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Questions tagged [scientific-names]

For questions related to scientific names of species and other taxonomic uses of Latin.

4
votes
1answer
62 views

What does the f. adjective “tulda” mean?

In the scientific name Bambusa tulda, I would like to know what tulda (tuldus?) means.
6
votes
2answers
155 views

Where does the word “thlypis”/θλυπις come from?

A number of New World warblers seem to have genus names that end in the element -thlypis. It's been hard for me to find information about the etymology of this element; I found a few sources on the ...
4
votes
1answer
44 views

Meaning of phellos in the epithet for Quercus phellos, the biological/scientific name for the willow oak?

What is the meaning of phellos in the epithet for Quercus phellos, the biological/scientific name for the willow oak? I've tried some obvious resources, but after 50 years in clinical medicine and ...
7
votes
1answer
152 views

Latin for “Teaching man”

How would you say "teaching man" in Latin, in the same way as "homo sapiens" (thinking man) or "homo economicus" (economic man)? It would be for an essay discussing modern education and the role of a ...
9
votes
1answer
105 views

On Julius Caesar and salmon

I saw a TV documentary today which claimed that salmon was named in Latin by Julius Caesar. It was a side remark, but the narrator elaborated that he saw this fish in Gaul and gave it its name due to ...
5
votes
1answer
84 views

How can I construct a correctly formed fictitious-species name

I'm writing a story in which I want to use a correctly-formed, binomial (Genus species) Latin name for a fictitious species of vampire bat. I want the name to mean "teeth of death", or something very ...
13
votes
2answers
175 views

Can there be double diminutives in Latin?

I've been reading some Latin of the 17th and 18th centuries and am wondering if it is possible for there to be "double diminutives." As I understand it, the word "cerebellum" (Oxford Latin = "brain") ...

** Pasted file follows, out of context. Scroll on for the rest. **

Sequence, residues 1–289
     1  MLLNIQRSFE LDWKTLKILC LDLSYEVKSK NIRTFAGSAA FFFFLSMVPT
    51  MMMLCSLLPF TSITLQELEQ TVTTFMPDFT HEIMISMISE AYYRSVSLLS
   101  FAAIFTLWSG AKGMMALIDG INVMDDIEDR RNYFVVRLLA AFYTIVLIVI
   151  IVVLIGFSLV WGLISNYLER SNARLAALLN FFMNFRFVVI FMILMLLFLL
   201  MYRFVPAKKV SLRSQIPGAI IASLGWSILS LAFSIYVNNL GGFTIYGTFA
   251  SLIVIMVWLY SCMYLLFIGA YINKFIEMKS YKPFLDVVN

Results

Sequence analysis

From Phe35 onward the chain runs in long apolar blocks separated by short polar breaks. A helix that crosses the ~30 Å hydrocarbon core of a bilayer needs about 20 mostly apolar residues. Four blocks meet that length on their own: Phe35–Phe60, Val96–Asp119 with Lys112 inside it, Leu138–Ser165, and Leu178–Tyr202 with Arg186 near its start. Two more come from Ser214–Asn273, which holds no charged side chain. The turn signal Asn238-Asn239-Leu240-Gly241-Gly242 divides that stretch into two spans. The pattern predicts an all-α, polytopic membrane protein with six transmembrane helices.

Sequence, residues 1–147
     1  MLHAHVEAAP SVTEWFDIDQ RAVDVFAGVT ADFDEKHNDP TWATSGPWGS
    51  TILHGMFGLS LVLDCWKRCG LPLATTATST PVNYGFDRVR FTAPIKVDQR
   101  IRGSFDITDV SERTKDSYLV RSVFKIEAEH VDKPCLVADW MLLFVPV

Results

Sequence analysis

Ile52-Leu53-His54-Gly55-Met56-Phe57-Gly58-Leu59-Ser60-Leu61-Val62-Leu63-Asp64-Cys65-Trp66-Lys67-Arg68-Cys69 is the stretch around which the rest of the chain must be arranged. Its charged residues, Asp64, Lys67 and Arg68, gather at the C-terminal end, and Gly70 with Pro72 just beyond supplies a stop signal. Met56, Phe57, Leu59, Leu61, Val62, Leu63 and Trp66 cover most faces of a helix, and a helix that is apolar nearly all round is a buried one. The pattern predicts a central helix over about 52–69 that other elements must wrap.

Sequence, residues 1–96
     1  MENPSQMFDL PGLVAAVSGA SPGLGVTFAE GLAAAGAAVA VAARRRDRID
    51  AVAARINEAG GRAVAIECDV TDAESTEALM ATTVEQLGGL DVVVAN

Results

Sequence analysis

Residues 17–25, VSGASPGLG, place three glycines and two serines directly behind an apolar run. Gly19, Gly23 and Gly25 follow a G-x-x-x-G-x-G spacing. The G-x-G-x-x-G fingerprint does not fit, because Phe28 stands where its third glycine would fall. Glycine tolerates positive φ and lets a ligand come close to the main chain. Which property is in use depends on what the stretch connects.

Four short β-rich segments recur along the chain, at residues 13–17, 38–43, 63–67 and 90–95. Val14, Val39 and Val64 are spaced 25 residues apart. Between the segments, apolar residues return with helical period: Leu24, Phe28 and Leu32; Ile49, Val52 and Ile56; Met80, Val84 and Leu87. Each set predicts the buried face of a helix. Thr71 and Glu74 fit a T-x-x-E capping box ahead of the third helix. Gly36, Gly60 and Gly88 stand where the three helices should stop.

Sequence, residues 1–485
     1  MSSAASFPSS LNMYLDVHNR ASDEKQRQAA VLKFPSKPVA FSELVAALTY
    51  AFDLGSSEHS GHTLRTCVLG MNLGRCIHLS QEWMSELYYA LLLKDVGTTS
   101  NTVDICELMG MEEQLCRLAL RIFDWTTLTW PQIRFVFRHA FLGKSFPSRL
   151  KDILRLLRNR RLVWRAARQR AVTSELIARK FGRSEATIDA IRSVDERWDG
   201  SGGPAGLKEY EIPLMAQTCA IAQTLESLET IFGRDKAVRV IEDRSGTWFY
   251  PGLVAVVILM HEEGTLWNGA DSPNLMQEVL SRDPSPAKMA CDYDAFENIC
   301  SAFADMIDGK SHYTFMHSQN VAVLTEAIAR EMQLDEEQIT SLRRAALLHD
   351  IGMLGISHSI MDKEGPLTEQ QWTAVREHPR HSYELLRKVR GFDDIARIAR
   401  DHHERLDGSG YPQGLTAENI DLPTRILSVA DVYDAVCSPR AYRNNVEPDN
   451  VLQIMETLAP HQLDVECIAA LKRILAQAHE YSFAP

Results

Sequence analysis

26
votes
1answer
3k views

Why hippopotamus instead of potamohippus?

Judging by this dictionary entry for hippopotamus, the Romans knew this animal and used the name we currently use in English. This word has an obviously Greek origin: hippos is a horse and potamos is ...
8
votes
1answer
112 views

Did the Romans have a definition for a species of organism?

In today's taxonomy animals, plants and other organisms are organized in species. Defining a species is no simple task for modern biologists, but we have a fair understanding of what a species ...
2
votes
1answer
78 views

Deriving lactuca from lac

The word lactuca refers to lettuce, and Lactuca sativa is the scientific name. Some of the plants in this genus seem to contain some kind of milky liquid which must be the reason for deriving the word ...
12
votes
2answers
821 views

Is llama lama or glama?

I went to a zoo today, and I noticed that the scientific name of llama is Lama glama. It seems to me that both lama and glama are latinized versions of "llama". Why were two different versions of the ...
13
votes
1answer
362 views

Beaver and Pollux?

Castor and Pollux are famous mythological twins. Castor is also the genus of beavers. This makes me wonder two things: Are these two Castors related in any way? Was this double meaning observed in ...
11
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1answer
680 views

Examples of species whose Latin and scientific names are different

Biologists have given scientific names to many species, and these names are in Latin. A fraction of all named species was also known in ancient Rome (and medieval Europe), and they had a Latin name as ...